Maternal factors and child's health care use.
There is inadequate data about the association between specific psychosocial factors and pediatric health care use.
We hypothesized that maternal substance abuse, depression, and low social support would be associated with increased medical visits, emergency room (ER) use, visits for injuries and delays in immunization.
We conducted a prospective study of 202 U.S. families with preschool children in a clinic serving the inner city poor.
Psychosocial factors were assessed from standardized screening questionnaires for substance abuse, depression and low social support.
Research assistants blind to the study hypothesis reviewed medical records for health care over the year following completion of the questionnaire : number of clinic visits, use of emergency room, visits to the ER or clinic for injuries, and delays in immunizations of two months or more.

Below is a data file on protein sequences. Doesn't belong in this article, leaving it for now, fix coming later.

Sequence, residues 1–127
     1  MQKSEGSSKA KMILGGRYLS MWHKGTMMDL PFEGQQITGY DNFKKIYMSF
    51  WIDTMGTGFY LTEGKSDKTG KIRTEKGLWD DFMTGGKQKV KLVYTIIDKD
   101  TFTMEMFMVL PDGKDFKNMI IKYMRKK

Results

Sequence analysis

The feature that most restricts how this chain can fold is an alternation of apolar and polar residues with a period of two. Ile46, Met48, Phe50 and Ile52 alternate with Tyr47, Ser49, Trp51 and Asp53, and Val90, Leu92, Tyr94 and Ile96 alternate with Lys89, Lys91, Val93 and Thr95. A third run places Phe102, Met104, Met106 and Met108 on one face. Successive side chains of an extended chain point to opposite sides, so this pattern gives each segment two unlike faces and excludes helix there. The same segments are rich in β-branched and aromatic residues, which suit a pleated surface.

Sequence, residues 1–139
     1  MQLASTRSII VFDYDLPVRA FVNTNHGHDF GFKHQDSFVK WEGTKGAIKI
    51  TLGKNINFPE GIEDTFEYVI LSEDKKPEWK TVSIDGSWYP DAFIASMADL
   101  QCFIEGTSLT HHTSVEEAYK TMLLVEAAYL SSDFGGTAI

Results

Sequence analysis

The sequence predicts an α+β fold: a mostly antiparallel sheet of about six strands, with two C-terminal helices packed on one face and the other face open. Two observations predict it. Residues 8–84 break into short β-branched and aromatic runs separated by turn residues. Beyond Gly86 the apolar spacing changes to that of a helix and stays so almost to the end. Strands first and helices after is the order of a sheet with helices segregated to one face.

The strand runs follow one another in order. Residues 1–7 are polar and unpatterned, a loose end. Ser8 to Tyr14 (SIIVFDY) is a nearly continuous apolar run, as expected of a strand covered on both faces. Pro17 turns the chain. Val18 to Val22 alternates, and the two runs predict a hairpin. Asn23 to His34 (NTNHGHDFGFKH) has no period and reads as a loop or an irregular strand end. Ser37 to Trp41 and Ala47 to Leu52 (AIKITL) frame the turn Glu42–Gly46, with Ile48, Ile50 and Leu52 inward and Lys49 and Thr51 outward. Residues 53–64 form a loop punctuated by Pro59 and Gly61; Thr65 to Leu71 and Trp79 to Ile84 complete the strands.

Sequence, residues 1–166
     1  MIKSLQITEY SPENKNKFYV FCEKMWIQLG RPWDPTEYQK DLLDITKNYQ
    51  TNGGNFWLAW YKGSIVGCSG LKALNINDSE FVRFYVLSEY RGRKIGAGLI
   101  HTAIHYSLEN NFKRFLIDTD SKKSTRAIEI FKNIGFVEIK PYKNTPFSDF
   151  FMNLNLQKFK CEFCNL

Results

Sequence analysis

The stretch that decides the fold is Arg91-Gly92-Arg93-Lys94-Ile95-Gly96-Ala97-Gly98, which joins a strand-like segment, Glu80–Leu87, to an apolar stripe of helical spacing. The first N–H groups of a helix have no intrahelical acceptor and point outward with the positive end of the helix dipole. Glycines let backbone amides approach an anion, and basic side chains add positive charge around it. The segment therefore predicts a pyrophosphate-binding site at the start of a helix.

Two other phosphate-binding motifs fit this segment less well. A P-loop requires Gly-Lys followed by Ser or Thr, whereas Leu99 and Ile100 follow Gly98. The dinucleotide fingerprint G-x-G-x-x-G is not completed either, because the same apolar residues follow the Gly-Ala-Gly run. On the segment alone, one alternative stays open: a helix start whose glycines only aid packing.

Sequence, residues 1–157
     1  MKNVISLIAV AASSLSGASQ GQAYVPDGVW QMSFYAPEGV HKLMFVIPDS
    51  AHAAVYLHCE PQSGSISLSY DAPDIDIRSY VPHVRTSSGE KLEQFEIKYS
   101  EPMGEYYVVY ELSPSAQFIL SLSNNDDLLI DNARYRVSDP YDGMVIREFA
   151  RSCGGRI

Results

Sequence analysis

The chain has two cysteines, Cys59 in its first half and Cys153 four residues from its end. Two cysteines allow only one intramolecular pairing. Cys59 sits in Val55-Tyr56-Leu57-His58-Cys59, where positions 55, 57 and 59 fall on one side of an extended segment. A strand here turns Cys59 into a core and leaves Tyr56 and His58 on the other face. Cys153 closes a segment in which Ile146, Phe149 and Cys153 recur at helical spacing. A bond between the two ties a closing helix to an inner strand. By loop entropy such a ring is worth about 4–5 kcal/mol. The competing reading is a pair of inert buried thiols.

Among the 202 mothers, the mean age was 24.4 years, 47% were African American, 32% Caucasian, and 14% Asian ; 55% were high school graduates.
The average household income was $7620 per year, the mean age of children was 12.2 months.
Thirty-seven percent of mothers screened positively for substance abuse, 34% for depression, and 60% for low social support.
Children had an average of 8.6 clinic visits per year, 41% had an ER visit, 21% had an injury resulting in an ER or clinic visit, and 43% of children under 2 years of age had a delay of 2 months or more in recommended immunizations.
Mots-clés Pascal : Utilisation, Service santé, Pédiatrie, Enfant, Age préscolaire, Etat dépressif, Trouble humeur, Support social, Toxicomanie, Mère, Etats Unis, Pauvreté, Milieu urbain, Homme, Amérique du Nord, Amérique
Mots-clés Pascal anglais : Use, Health service, Pediatrics, Child, Preschool age, Depression, Mood disorder, Social support, Drug addiction, Mother, United States, Poverty, Urban environment, Human, North America, America
Notice produite par :
Inist-CNRS - Institut de l'Information Scientifique et Technique
Cote : 95-0140029
Code Inist : 002B30A01B. Création : 09/06/1995.